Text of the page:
European corn borer infestation of corn with herbaceous field borders
William Terrell Stamps, firstname.lastname@example.org, University of Missouri, Division of Plant Sciences, 1-31 Agriculture Bldg, Columbia, MO, Thomas V. Dailey, Tom.Dailey@mdc.mo.gov, Missouri Department of Conservation, 1110 South College Avenue, Columbia, MO, Ned M. Gruenhagen, U.S. Department of the Interior, 1243 N Street, Fresno, CA, and Marc J. Linit, email@example.com, University of Missouri, Reasearch and Extension, 2-44 Agriculture Bldg, Columbia, MO.
The promotion of federal conservation reserve programs such as CP33, Habitat Buffers for Upland Birds, has led to increased interest in field borders. However, farmers have been slow to adopt these programs, partly out of concern about the impact of such borders on crop yields and pest management. Field borders are potential reservoirs for the pest. We conducted three years (2000-2002) of field studies in mid-Missouri, USA, to assess the impact of various compositions of herbaceous field borders on populations of the European corn borer, Ostrinia nubilalis Hübner, in adjacent corn fields. Border treatments of (1) a mixture of warm-season grasses and legumes, (2) a mixture of cool-season grasses and legumes, (3) tall fescue alone, and (4) a corn border control were planted around plots of field corn. Percent stalks infested with European corn borer and number and length of larval tunnels in stalks were analyzed. Warm-season vegetation-bordered corn had consistently lower percent stalks infested than corn bordered by cool-season vegetation, tall fescue or a corn control. Otherwise, there were few significant differences in the percent stalks infested by European corn borer among cornfields with different border compositions. We conclude that the adoption of field border programs such as CP33 will have little or no impact on European corn borer management. Further, borders composed of a warm-season vegetation mixture or tall fescue have the potential to enhance management of European corn borer by reducing overall stalk infestation over that of corn gown without conservation borders.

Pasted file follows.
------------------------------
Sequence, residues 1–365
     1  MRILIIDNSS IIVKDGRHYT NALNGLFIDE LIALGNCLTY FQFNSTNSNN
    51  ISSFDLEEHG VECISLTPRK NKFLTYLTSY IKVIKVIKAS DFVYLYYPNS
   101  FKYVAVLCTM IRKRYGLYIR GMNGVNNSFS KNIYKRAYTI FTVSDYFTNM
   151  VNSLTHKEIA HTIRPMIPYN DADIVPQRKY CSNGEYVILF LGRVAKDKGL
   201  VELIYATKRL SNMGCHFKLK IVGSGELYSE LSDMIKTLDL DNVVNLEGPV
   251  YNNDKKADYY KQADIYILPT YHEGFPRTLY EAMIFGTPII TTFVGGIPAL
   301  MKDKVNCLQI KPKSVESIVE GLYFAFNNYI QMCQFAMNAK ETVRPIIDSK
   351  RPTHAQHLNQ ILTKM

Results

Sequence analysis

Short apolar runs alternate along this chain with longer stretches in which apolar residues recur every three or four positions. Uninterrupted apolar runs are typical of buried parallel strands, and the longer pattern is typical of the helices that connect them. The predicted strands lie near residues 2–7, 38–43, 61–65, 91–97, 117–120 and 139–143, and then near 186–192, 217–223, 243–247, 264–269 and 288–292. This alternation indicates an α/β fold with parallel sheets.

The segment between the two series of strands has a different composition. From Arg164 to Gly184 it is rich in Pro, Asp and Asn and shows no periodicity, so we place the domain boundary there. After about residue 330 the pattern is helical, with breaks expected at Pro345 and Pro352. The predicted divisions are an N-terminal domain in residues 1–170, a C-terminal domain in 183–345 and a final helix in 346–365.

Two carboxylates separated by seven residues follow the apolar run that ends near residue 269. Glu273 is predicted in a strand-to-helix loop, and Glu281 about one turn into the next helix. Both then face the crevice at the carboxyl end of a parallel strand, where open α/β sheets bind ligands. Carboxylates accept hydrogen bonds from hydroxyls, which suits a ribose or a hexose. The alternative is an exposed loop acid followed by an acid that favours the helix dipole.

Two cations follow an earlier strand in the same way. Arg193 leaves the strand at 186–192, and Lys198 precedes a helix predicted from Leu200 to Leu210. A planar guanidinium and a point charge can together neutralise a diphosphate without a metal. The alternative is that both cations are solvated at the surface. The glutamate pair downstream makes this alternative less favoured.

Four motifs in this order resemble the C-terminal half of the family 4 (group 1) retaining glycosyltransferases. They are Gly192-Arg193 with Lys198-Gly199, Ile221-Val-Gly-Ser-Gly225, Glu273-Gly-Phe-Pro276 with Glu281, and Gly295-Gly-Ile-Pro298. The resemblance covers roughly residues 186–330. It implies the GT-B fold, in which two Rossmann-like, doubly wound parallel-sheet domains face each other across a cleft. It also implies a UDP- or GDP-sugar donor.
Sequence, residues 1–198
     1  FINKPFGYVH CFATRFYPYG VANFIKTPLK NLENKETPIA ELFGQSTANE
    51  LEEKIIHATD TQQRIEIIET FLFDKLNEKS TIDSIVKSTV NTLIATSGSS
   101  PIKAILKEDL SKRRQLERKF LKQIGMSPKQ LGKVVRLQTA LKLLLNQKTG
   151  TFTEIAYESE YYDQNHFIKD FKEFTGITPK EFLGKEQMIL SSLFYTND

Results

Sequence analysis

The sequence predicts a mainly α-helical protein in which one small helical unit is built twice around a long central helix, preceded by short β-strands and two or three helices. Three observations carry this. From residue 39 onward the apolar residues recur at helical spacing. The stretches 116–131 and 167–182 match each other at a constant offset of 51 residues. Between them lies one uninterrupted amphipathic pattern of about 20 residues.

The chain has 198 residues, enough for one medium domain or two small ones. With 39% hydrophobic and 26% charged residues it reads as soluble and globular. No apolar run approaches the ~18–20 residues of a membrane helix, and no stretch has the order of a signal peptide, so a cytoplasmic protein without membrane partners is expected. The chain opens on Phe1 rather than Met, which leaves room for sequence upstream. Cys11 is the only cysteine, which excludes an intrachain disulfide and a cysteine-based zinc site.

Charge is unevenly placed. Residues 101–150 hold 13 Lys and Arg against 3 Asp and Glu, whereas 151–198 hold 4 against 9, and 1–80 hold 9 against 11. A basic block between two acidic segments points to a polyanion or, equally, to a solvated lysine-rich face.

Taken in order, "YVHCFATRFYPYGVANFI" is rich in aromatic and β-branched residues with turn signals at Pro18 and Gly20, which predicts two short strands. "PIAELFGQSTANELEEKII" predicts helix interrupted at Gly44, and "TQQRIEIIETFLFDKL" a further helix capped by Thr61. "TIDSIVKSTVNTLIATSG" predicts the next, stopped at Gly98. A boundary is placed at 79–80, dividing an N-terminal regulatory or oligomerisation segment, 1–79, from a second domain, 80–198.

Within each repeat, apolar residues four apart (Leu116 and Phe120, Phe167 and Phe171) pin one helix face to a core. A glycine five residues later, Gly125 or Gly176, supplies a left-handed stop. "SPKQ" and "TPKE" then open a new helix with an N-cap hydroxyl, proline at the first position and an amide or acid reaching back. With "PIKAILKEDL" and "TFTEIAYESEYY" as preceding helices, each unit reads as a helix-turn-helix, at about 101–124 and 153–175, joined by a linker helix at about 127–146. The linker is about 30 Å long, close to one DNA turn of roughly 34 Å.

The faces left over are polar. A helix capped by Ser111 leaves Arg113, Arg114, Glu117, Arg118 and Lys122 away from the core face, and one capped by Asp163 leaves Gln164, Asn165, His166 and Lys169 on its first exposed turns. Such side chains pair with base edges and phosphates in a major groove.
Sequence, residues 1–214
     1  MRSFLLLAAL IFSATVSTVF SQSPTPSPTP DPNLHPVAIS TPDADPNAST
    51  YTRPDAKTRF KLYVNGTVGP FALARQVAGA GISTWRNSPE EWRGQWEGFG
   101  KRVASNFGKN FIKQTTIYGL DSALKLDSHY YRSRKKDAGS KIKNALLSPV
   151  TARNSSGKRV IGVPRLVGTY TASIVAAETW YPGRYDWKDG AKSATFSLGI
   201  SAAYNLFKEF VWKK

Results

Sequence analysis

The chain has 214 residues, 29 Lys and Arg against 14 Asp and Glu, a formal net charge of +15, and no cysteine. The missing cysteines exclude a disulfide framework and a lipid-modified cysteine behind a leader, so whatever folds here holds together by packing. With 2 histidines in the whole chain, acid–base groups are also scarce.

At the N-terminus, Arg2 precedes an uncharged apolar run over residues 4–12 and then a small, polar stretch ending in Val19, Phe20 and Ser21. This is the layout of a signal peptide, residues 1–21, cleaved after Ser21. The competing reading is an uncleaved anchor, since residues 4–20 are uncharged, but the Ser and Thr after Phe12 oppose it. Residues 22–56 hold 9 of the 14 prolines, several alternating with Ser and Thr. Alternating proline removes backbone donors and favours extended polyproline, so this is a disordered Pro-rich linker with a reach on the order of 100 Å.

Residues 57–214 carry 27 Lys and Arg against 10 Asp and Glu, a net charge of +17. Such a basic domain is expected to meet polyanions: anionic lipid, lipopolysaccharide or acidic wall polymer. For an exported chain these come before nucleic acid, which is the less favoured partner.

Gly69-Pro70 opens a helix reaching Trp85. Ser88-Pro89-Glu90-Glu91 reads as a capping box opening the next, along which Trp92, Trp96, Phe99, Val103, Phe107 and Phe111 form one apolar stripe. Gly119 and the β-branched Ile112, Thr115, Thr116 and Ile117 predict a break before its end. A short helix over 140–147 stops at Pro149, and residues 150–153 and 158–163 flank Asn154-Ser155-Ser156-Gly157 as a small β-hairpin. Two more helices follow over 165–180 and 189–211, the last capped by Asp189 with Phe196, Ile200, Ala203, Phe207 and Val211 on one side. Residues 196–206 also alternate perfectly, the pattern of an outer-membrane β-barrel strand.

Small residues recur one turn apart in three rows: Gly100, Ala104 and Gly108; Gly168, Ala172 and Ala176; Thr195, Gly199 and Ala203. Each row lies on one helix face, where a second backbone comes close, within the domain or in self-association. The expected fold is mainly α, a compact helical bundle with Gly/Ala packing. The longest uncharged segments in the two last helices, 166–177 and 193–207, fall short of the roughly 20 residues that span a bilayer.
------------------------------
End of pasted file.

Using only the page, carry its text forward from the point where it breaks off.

Species 1: Lepidoptera Pyralidae Ostrinianubilalis (European corn borer)